Closing the Digital Skills Gap in 2017

If you’re reading this, you have at least a semblance of digital intelligence. If you haven’t been formally educated, you most likely learned it by immersion. If not, you should amend that, because, at this point in history, no one can deny the massive digital transformation changing the world around us. Whether for work or for play, we’re mobile, we’re social and we’re hyper-synced at all times. As this transformation continues to evolve the world in which we interact every day, we have to make sure we’re paying attention to one of the biggest forecasted challenges looming for our workforces in the next decade: the digital skills gap.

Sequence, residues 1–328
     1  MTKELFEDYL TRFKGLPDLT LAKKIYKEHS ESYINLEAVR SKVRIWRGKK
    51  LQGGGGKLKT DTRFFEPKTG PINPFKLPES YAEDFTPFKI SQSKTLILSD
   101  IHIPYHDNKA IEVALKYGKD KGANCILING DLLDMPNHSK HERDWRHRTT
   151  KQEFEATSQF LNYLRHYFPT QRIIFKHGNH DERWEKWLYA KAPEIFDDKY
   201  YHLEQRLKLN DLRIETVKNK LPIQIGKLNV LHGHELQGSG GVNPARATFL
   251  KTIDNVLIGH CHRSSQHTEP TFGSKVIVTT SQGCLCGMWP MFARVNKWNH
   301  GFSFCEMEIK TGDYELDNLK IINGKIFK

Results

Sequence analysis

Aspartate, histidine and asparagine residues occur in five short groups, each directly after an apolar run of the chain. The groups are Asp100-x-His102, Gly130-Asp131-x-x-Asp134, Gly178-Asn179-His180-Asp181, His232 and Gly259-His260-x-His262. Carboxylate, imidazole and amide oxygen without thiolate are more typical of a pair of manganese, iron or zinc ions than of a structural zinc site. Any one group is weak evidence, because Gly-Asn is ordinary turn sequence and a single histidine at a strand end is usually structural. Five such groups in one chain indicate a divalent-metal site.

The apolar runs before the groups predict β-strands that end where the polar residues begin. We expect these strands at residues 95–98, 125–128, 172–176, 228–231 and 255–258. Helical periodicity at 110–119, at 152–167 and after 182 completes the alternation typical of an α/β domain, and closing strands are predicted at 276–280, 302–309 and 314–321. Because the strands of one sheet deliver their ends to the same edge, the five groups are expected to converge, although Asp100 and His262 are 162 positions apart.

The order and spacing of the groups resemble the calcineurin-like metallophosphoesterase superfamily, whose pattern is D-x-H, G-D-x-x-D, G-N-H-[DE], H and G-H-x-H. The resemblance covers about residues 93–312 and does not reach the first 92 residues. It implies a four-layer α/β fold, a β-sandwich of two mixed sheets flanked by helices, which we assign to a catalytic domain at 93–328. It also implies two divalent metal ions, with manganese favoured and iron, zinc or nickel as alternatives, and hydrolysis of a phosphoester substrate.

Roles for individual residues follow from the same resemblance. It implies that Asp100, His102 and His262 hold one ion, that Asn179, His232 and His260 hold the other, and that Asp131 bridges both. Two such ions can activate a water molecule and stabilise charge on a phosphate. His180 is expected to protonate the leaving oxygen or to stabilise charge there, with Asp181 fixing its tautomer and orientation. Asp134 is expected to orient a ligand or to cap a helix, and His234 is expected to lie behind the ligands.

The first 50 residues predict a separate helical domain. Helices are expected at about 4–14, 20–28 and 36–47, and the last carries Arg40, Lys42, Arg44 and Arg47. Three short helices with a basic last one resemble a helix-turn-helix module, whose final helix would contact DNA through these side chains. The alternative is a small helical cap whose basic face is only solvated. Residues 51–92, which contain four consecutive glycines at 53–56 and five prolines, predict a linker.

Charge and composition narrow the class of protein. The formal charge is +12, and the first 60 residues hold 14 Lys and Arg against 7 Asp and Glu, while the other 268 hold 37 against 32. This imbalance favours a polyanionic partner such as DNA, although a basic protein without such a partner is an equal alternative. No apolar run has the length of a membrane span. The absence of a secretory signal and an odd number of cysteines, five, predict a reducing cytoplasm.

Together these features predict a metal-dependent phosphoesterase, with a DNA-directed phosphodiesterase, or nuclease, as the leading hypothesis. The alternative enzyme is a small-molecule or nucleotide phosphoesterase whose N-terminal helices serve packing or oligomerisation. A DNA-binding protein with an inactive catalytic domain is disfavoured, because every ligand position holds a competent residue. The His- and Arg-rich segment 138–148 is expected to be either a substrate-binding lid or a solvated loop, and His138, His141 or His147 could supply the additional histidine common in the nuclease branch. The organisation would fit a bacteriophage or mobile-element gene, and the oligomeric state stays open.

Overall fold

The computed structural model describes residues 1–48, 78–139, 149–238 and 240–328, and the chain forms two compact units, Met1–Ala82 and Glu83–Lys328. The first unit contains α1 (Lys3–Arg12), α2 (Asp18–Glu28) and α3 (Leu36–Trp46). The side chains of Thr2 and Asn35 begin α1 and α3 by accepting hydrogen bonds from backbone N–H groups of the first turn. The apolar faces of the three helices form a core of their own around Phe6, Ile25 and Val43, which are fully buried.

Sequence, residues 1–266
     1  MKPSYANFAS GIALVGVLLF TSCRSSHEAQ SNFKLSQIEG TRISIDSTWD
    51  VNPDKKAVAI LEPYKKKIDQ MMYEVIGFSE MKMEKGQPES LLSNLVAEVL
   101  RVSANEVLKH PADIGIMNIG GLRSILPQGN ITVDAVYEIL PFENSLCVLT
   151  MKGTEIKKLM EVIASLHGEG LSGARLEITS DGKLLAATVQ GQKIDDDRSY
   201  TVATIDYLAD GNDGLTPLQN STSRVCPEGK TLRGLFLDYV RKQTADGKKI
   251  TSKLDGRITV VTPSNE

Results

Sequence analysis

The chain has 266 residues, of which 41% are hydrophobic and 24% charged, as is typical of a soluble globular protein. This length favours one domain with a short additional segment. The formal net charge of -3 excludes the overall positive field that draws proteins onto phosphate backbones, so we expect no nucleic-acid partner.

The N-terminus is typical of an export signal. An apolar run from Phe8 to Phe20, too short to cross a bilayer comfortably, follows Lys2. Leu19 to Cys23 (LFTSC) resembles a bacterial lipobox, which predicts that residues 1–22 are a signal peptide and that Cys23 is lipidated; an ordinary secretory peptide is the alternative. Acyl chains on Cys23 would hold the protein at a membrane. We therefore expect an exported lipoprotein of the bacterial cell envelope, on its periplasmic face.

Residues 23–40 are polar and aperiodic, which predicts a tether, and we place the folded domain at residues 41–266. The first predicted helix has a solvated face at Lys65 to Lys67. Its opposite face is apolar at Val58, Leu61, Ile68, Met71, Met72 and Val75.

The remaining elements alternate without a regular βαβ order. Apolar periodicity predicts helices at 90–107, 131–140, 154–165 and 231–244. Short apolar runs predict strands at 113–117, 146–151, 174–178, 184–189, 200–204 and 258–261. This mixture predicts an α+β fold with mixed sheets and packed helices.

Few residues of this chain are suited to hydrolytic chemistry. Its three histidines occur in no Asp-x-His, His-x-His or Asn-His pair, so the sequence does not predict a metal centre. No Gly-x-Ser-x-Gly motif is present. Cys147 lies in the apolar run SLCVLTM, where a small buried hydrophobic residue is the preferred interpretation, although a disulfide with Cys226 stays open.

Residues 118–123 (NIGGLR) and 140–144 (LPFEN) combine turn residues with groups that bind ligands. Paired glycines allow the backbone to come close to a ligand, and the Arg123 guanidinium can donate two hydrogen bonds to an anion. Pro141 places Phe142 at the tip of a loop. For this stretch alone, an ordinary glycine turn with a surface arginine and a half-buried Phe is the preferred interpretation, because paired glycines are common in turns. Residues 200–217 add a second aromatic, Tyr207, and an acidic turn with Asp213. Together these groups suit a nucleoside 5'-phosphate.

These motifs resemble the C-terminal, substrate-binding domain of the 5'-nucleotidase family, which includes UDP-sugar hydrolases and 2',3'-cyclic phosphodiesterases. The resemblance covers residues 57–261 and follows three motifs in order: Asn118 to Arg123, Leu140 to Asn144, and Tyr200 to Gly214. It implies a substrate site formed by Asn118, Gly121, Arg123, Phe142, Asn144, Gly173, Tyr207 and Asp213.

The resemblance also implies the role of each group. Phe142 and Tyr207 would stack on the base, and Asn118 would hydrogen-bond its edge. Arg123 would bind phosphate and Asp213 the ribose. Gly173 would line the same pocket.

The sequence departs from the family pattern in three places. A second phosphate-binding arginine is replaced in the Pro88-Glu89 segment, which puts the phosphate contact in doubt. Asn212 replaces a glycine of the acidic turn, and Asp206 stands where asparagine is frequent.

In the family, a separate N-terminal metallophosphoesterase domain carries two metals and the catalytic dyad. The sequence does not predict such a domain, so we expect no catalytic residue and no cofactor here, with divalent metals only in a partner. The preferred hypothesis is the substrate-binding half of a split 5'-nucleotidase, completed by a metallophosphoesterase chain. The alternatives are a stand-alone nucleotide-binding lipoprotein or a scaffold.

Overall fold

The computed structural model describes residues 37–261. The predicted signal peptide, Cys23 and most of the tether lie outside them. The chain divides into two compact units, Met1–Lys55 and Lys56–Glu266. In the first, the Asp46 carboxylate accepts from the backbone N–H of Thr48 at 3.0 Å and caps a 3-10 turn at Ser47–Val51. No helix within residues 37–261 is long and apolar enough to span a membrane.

What is it and why must we close it:

This “digital skills gap” exists because employees don’t know the right technology tool to use for their job, how to properly use technology tools at their disposal, and/or how to problem-solve to learn the skills they need to continue to grow. And it’s costing the U.S. economy roughly $1 trillion a year in lost productivity. And this gap continues to grow as technology needs in the workplace continue to grow (and its not stopping anytime soon).

A real quick note of the state-of-the-digital-union

The European Commission predicted information and communication technology professionals by 2020.


“Nine in ten jobs that we’re creating right now require some form of digital literacy.”


Additionally, the gap costing the U.S. economy roughly $1 trillion a year in lost productivity


By 2020, the digital economy could contribute an astounding $20 trillion to the global economy.